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Jail Medical Contracting: Best Practices for Supporting Stepping Up Goals
Across the country, county criminal justice, behavioral health, and social service system leaders are grappling with reducing the number of people with serious mental illness (SMI) in criminal justice systems, including county jails, often by using “front-end” strategies. Counties frequently struggle with using data to gauge the impact of these strategies on reducing the number of people with SMI in jails. One challenge for obtaining baseline data on SMI in jails centers on contracted private medical providers and their role in collecting and sharing data on SMI. This virtual discussion will equip participants with knowledge about the role contracted medical providers have in either screening for SMI, assessing for SMI, or both; collecting and sharing data with jail administration and how contracts can support this process; and best practices for screening, assessment, and collecting and sharing data for contracts with third-party medical providers. Jail administrators, jail data analysts, and staff from jail medical and mental health providers are especially encouraged to attend this webinar. Read More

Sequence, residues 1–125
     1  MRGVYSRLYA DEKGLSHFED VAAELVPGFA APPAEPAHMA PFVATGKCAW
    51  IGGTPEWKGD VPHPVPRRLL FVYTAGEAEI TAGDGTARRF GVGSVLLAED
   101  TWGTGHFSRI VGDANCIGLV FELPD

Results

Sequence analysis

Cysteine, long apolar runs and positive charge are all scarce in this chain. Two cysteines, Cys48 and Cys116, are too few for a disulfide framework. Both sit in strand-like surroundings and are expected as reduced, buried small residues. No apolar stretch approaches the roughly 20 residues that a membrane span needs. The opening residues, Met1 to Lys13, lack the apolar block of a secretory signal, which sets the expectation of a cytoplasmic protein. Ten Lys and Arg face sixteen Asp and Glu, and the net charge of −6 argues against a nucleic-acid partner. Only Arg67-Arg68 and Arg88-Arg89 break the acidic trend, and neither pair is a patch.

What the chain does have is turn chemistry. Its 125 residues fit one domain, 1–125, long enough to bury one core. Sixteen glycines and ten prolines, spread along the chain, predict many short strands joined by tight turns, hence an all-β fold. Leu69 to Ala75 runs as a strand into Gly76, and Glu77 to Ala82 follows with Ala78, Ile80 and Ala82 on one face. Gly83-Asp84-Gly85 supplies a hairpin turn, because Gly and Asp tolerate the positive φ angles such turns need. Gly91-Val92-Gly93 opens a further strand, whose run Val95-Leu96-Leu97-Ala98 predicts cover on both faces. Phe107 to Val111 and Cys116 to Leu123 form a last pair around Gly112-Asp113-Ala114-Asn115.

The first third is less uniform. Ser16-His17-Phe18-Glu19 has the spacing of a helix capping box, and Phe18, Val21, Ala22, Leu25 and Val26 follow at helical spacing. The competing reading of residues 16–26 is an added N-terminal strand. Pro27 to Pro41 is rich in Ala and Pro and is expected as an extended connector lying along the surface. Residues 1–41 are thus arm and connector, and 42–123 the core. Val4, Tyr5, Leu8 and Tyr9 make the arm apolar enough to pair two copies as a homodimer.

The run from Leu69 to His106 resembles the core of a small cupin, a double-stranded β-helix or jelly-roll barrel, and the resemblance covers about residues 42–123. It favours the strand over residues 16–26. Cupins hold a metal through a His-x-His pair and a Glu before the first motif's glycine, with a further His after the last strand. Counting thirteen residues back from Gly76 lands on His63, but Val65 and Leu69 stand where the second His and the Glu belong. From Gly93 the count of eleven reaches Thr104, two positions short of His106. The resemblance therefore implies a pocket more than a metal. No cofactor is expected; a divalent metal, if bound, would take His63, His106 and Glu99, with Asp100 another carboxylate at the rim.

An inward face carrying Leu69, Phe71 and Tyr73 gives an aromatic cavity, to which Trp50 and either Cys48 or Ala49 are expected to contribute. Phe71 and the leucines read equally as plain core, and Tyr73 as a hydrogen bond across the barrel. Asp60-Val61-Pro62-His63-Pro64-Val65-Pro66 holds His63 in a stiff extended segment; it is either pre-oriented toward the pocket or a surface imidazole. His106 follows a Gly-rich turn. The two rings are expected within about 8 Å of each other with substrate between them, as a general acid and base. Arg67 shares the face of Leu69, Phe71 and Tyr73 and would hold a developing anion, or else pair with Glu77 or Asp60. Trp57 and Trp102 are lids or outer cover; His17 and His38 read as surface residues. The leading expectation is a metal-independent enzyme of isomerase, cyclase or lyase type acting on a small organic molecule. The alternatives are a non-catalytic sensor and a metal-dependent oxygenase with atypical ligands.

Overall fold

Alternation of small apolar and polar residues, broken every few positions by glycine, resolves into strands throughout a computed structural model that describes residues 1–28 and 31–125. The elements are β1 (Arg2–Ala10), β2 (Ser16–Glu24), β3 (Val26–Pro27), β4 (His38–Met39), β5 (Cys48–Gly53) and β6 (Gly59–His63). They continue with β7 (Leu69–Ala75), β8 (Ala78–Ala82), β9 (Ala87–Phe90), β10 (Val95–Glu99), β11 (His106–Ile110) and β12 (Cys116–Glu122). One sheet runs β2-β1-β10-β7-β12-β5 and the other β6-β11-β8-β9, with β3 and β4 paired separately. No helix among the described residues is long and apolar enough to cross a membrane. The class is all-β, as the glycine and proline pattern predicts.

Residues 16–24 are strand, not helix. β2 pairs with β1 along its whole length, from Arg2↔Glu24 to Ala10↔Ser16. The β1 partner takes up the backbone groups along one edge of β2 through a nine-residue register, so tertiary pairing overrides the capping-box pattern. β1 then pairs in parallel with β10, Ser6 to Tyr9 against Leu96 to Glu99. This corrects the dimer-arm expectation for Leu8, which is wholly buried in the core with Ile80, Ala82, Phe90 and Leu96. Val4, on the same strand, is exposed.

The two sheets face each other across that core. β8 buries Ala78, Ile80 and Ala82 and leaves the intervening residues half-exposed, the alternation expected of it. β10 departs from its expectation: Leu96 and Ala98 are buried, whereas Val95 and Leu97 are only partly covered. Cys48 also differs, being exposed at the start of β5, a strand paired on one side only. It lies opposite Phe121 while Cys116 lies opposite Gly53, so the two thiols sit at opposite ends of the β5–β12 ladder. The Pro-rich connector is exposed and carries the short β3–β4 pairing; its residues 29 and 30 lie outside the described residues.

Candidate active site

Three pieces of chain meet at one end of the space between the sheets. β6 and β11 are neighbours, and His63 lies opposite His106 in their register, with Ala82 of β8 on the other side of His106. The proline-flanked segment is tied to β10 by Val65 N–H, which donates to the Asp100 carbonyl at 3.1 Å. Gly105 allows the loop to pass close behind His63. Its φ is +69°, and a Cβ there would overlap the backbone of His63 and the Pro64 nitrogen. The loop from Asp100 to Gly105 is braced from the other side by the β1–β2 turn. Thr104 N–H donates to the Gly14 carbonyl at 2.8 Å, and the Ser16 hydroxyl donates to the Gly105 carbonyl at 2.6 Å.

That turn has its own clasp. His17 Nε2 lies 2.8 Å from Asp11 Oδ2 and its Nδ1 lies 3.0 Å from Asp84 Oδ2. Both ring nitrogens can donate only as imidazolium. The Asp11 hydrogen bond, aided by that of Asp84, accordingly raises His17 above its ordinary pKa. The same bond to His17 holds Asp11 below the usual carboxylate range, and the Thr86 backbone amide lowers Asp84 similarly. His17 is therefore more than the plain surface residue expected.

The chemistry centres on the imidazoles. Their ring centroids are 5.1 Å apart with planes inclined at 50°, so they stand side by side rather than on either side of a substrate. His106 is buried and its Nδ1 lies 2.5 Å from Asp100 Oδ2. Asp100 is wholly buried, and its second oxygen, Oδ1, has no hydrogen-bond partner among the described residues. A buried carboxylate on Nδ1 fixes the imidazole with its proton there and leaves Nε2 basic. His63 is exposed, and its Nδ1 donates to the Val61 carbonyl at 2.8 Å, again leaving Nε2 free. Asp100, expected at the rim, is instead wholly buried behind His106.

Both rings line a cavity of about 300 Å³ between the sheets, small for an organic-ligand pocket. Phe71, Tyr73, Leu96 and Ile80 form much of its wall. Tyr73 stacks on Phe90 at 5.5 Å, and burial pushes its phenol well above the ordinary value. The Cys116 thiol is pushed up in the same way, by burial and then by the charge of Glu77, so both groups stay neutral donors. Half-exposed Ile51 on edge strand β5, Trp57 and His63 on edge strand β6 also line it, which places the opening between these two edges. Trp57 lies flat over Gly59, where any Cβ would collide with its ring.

Site Snapshot: Update on How Three Counties Are Serving High-Needs Populations
The CSG Justice Center is highlighting three of these communities: Bernalillo County, New Mexico; Fulton County, Georgia; and Polk County, Iowa. Each of these jurisdictions is both a Stepping Up Innovator and a MacArthur Foundation Safety and Justice Challenge site. This snapshot focuses on the sites’ successes and challenges in their work with priority populations, as well as some of their upcoming goals. Read more about where these counties started. Read More